A formation of planes flying over the North East came close to crashing with an "unknown object," a report has revealed.

The UK’s Airprox board assessed an incident on the morning of May 17 that saw a formation of planes come close to colliding with an “unknown object” – which the pilot believes to be a drone.

The two-plane formation was cleared by Teesside Air Traffic Control for a left-hand run-in and break manoeuvre to join onto the traffic pattern at Teesside Airport to land.

The incident carried a “high risk” of collision according to the aviation body, as the drone was at the same altitude as the two planes, and was only around 50 feet away.

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The board gave the incident a risk rating of B – which is the second-highest near-miss rating.

As they were descending, the pilot on the right-hand side of the pair spotted what they assumed to be a “black drone” about 50 feet away. The drone proceeded to pass between the two planes, but the aircraft in formation were able to land without further incident.

The incident occurred 4.8 nautical miles away from the runway at Teesside airport, above Stockton, whilst the planes were descending past 1700 feet.

The Airprox Board said: “In the Board’s opinion the reported altitude and/or description of the object, combined with the absence of any indication of a drone’s presence from drone detection data, were such that they were unable to determine the nature of the unknown object.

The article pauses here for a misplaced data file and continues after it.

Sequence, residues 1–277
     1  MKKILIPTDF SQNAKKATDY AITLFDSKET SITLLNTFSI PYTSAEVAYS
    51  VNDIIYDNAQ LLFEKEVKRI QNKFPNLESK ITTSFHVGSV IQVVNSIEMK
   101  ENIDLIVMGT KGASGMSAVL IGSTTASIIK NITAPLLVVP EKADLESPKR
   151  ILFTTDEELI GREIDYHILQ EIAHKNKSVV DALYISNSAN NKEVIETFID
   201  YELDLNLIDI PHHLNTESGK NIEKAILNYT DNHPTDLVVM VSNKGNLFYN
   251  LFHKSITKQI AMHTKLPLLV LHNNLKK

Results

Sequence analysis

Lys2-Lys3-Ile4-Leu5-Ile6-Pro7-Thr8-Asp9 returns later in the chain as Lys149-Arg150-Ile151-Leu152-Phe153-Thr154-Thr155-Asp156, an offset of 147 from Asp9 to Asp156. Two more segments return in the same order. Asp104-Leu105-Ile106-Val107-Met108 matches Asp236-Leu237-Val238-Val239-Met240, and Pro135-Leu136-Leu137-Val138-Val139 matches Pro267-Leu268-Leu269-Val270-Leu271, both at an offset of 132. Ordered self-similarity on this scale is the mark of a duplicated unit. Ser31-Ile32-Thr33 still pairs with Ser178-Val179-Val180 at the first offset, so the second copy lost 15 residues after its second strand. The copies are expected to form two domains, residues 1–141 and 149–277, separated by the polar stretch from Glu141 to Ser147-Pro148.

“The account of the incident given to the board is as follows: “[The Falcon 20 pilot reports] they were PF in the LHS and [as part of a two aircraft formation] cleared by Teesside ATC for a left-hand 'run-in and break' to runway 23.

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“The pilot on the rightmost side of the pair and on the RW23 extended centreline, descending to 1500ft.

“Whilst descending past 1700ft and at a range of 4.8NM from Teesside, they observed a black drone pass co-altitude down the left-hand side of the other formation aircraft.

“The range was estimated to be about 50ft. The formation landed without incident and the drone sighting was reported to ATC.”

A spokesperson for the UK Civil Aviation Authority said: "Airprox incidents are assessed by the independent UK Airprox Board (UKAB).

"The Board does not investigate incidents and these published reports are intended to enhance civil and military aviation safety, and the UK Civil Aviation Authority supports and endorses this important contribution to flight safety.

"We do not add further commentary or analysis to individual airprox reports."